While rooting around his office, Max Maxfield discovered what appear to be original illustrations from books featuring Winnie the Pooh.
I've said it before, and I'll say it again -- it's a funny old world and no mistake. As I may have mentioned on occasion, my office is something of a treasure trove when it comes to unusual stuff. As an example, I was rooting around some boxes this morning looking for something or other (I forget what) when I ran across two picture frames, each holding three pencil sketches of Winnie the Pooh.
My dear old mom gave these to me as a birthday present more than 30 years ago. As I recall, she found them at a tiny hole-in-the-wall antique shop at the bottom of our road. I have no idea how they managed to hide themselves away in my office.
I do like pencil sketches in general, and these little beauties have always held a certain fascination for me. One of the sketches shows Pooh and Piglet walking along. Underneath is an annotation (also in pencil) saying: "Do you think it's a Woozle?" Another sketch shows Pooh hanging under a balloon with the annotation "Chap I, P.15." I vaguely remember thinking that maybe the creator of these sketches was simply practicing his or her drawing skills by copying them out of one of the Winnie the Pooh books.
I took the little rascals to show them to Bruce, who sits in the office next to mine, because he's a graphic artist. I thought they might interest him.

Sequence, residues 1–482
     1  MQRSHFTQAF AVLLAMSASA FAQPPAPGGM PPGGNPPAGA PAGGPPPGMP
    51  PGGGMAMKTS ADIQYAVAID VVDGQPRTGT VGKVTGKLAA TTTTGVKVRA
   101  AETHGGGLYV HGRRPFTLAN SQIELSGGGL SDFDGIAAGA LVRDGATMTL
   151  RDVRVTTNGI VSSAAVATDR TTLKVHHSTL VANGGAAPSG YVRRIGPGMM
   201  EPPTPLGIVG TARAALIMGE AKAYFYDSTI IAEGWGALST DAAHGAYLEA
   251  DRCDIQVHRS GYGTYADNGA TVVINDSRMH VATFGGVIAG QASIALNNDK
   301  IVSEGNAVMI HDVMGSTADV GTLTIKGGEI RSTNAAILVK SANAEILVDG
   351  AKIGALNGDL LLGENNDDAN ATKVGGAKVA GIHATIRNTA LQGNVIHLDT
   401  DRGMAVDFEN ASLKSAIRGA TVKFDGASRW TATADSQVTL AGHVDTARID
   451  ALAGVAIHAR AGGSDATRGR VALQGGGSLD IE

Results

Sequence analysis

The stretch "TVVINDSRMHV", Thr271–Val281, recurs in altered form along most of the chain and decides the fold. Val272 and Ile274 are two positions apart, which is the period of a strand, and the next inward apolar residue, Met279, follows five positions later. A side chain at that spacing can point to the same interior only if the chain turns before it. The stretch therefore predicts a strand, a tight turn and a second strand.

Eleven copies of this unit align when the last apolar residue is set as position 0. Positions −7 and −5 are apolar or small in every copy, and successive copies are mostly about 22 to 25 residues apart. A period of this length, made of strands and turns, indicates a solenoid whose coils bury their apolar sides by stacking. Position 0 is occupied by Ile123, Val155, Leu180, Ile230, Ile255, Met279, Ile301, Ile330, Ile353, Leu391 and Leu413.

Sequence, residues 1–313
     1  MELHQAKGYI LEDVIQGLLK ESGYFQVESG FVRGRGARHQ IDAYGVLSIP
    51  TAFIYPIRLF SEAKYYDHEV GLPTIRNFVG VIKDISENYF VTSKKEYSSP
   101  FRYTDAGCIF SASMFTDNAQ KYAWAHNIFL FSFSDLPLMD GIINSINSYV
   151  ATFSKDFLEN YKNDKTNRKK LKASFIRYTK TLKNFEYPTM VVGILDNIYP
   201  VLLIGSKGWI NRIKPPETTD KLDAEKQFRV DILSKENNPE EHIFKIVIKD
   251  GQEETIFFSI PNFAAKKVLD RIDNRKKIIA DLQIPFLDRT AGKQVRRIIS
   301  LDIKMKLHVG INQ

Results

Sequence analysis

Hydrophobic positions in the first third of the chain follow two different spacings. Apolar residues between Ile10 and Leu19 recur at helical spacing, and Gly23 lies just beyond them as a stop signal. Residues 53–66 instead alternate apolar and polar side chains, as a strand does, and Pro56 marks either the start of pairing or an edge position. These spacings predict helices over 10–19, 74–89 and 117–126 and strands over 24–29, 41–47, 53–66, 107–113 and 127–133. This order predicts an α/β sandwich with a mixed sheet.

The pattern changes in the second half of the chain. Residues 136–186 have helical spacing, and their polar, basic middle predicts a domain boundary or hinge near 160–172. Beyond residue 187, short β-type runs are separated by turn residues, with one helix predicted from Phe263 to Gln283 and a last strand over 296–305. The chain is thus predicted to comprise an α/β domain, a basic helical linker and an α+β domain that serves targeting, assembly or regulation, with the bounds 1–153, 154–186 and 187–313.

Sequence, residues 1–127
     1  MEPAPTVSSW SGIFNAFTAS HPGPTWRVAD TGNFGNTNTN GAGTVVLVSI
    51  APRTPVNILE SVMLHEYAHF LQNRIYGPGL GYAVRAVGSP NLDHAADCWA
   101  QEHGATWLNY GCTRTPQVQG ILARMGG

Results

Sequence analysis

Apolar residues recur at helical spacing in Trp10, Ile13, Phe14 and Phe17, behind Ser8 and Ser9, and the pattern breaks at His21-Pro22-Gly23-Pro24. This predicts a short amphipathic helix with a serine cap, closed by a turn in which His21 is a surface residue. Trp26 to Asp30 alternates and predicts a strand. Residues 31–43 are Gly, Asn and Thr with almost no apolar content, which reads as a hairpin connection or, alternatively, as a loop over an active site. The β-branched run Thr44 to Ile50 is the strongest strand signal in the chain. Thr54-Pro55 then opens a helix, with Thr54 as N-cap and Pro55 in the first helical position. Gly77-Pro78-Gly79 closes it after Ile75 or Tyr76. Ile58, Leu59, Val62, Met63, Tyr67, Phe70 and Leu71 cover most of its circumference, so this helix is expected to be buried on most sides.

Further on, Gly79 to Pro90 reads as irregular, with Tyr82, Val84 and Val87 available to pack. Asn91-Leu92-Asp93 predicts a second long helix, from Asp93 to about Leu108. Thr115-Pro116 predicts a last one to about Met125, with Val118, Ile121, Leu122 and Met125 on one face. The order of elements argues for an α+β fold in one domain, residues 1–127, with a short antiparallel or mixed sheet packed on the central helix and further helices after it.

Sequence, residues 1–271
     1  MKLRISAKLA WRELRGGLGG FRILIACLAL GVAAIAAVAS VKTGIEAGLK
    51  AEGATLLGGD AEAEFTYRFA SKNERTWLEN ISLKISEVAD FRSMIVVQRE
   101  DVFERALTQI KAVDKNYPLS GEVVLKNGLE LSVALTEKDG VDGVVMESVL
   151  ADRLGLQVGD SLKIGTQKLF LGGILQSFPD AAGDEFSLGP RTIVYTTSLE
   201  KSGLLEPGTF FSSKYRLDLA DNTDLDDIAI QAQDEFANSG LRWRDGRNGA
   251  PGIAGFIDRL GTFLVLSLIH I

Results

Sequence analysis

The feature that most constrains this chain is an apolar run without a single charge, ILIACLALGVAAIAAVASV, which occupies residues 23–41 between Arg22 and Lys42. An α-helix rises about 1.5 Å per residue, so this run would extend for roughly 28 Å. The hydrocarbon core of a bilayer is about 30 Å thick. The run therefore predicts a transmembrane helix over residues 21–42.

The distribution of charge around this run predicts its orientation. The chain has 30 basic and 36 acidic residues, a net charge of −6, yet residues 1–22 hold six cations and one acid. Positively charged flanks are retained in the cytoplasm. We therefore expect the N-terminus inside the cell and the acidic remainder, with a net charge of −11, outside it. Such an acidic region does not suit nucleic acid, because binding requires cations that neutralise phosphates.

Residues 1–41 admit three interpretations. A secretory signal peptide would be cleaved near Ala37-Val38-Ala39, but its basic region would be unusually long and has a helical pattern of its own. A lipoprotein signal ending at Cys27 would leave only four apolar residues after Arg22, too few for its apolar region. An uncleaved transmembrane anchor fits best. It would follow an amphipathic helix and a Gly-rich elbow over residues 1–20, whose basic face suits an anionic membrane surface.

Bruce pointed out lots of little details that had passed me by. Of particular interest are a signature and date and annotation on one of the sketches: "E H Shepard, Now we are Six, P.89, 1927."
OMG! Ernest Howard Shepard (1879-1976) was an English artist and book illustrator. He's particularly famous for illustrating all four of the books featuring Winnie the Pooh by A. A. Milne. The main books, of course, are Winnie-the-Pooh (1926) and The House at Pooh Corner (1928), but Milne also included a poem about Winnie the Pooh in the children's verse book When We Were Very Young (1924), along with many more in Now We Are Six (1927).
I know I have all four of these books somewhere. I sort of thought they were here in my office, but -- wouldn't you know it -- I can't find them anywhere. I wonder if they are available online. I can't wait to go through them and compare my rough proof sketches to the final illustrations in the books. I also wonder what else is lurking in the depth of my office.
— Max Maxfield, Editor of All Things Fun & Interesting